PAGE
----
If you watch our social media streams (of course you do!), you saw mention the other day of a new outfit called Outernet. Their mission is to broadcast open information from space at no cost to the end user; in their words, the program is “the modern version of shortwave radio, or BitTorrent from space.”
The concept is intriguing. Like the plans from Facebook and Google to deliver information connectivity via drone and balloon, respectively, Outernet’s mission tastes a bit like science fiction but the components are all well inside the realm of what is feasible.
This is not the Internet, nor even really the Web, though Outernet depends on both to source its content. This is a new spin on good, old-fashioned broadcasting. Users can influence content through online communities, but the data stream, for all intents and purposes, moves one way.
What, then, is the potential value of Outernet? Connecting to the Web is still difficult for many, many people for reasons of infrastructure and cost. Facebook and Google, as well as others, are taking bold steps toward Web connectivity for all, but hurdles remain, including the scope of delivering the whole Web.
With Outernet’s model, the unidirectional broadcast reduces complexity and overhead; low-cost receiving equipment taps into the broadcast without the need for an intermediary ISP (or the cable/phone/mobile infrastructure that goes along with it) — a one-time investment in fairly low-end equipment grants you ongoing, unfettered access to the data stream. Users can presumably cache this data locally and even distribute it on storage media, making it available on local servers and small area networks. In this respect, Outernet has much in common with projects to distribute open information (e.g. Wikipedia content) offline through network-capable servers (see the end of our post Is the Next Direction of Online Education…Offline? for several examples).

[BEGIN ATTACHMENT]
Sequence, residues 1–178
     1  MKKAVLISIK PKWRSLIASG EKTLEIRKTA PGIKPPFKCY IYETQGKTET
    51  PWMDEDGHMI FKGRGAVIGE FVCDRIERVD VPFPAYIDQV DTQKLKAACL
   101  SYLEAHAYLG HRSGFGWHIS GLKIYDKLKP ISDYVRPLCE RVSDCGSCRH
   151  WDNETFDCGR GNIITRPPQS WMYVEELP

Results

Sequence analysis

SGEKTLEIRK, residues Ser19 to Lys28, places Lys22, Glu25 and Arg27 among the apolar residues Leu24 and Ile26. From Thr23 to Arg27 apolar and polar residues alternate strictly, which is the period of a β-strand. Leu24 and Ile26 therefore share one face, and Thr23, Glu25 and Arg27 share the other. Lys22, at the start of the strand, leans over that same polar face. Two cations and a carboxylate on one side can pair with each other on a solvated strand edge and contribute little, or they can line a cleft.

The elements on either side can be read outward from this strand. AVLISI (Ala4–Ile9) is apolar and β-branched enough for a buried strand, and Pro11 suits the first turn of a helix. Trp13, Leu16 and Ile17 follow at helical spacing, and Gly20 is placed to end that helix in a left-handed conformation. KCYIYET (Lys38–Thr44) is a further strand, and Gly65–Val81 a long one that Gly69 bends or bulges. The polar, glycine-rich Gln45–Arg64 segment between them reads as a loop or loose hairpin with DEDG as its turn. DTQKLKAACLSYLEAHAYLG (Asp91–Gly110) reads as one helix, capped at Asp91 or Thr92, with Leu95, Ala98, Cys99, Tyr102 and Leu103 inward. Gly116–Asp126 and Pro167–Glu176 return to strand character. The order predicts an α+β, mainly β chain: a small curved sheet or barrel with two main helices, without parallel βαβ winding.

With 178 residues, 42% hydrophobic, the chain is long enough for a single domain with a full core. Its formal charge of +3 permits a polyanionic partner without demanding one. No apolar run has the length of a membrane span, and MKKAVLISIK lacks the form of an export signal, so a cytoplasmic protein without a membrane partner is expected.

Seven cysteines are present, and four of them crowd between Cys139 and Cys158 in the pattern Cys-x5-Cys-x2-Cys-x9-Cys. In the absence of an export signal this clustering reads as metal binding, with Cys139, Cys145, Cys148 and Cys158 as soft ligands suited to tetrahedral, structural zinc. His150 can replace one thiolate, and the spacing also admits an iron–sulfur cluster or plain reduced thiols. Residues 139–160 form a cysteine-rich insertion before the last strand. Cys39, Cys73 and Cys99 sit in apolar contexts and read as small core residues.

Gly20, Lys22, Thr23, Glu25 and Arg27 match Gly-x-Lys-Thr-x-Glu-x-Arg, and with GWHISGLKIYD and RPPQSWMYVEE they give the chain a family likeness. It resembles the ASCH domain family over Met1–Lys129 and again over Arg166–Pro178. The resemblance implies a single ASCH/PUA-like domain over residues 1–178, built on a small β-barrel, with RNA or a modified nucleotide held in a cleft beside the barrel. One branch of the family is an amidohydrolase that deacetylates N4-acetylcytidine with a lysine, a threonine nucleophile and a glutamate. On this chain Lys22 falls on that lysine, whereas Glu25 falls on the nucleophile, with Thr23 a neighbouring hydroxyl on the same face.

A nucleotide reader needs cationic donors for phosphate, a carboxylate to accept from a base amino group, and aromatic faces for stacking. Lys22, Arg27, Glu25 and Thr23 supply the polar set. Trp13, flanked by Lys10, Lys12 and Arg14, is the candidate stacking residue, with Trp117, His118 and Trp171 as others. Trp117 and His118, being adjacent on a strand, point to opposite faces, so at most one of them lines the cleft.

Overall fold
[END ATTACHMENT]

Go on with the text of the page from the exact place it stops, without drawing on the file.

Why are we sharing this? The missions of Outernet and the Saylor Academy are not identical, but they are well within the same universe. In addition to news, software applications, and emergency information, Outernet proposes to broadcast courseware to all the learners and teachers among us. Perhaps, one day, our own efforts will be represented in the stream; regardless, this is a project to watch.